A velvet-voiced Australian craftsman named Chris is the Bob Ross of clock-making. He shows you how to make a skeleton clock from scratch at home on his YouTube channel, Clickspring. In this installment of a multi-part series, bask in the close-ups of brass melting away like golden velvet to make shiny washers and…
Prepare to get hypnotized by the skills and precision of Overgaard & Dyrman, a design brand located in Copenhagen, Denmark, that makes beautiful furniture mixing traditional hand crafted techniques with modern technology. This video shows the process of making one of its gorgeous Wire Dining Chairs.
Editor Max Shishkin combined the soundtrack of Intersellar, the voice of Anthony Hopkins reading Do not go gentle into that good night by Dylan Thomas, and footage from 35 of the best space movies to make this amazing mashup.
Damascus steel is a Middle Eastern type of steel famously known for its resilience and distinctive patterns. Its secret was a unique forging technique that has been long lost. Nowadays experts try to reproduce it and, while it may not be exactly the same process, watching them doing it feels like magic.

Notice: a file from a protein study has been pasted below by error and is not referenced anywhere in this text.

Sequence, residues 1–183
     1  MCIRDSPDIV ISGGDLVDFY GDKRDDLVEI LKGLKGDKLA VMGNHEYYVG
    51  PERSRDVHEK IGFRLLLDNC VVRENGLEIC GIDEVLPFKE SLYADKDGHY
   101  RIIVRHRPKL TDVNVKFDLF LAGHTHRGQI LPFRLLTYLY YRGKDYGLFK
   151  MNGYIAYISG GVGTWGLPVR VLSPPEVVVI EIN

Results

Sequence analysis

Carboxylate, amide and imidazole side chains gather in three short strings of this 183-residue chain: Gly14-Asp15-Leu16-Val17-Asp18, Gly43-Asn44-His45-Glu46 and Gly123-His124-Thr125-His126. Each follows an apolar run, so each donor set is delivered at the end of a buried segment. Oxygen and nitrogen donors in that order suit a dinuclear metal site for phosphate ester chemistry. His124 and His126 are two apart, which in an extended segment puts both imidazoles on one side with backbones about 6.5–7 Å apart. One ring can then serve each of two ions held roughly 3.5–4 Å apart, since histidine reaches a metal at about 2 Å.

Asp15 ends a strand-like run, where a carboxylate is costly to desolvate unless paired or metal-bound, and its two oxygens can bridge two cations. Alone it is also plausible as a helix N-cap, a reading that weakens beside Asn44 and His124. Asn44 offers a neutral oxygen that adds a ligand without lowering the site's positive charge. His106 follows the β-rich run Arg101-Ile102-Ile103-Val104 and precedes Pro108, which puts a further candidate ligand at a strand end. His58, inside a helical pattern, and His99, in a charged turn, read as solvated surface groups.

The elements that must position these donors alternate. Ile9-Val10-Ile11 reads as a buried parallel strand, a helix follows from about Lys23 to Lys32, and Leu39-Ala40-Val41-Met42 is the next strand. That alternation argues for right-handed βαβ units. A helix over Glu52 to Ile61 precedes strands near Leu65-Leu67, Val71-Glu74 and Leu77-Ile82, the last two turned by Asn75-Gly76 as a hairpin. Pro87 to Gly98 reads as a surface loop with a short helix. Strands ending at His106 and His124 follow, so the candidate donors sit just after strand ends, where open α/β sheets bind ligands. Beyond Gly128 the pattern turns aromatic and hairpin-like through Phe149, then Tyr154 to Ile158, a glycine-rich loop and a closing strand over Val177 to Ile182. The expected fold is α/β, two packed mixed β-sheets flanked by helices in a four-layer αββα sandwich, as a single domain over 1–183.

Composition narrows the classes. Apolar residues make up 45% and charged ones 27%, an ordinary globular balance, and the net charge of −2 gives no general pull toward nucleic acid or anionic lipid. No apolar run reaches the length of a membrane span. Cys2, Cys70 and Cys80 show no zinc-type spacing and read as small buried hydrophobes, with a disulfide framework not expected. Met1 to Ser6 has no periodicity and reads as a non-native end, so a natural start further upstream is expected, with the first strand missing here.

I don't know if this is a human retina melting, a lava well from a volcano near Mordor, or the eye of the devil himself. But what I do know is that the more I watch it, the more hypnotizing, darker, and scarier it gets.
It could be that piece of wood spinning endlessly or the fact that it's hard to take your eyes off someone doing his job so skillfully, I don't know. But watching David Earle turning a big piece of elm wood into a perfect salad bowl is truly an hypnotizing experience.
What? Wait. What. Whaaaaaa... Magic! Wait, what? Wow!
The Awesomerer found this impossibly mesmerizing time-lapse video taken in Tokyo's Yurikamome train. It's also the weirdest and trippiest time-lapse video I've ever seen. It's called Hyperdrive, and it looks like they are traveling in the Millennium Falcon in Tron universe.
I just can't stop looking at how the drops carve the water, one after the other, making a hole in it. The experiment was captured by the Brigham Young University's Splash Lab. Here's their description of what's happening: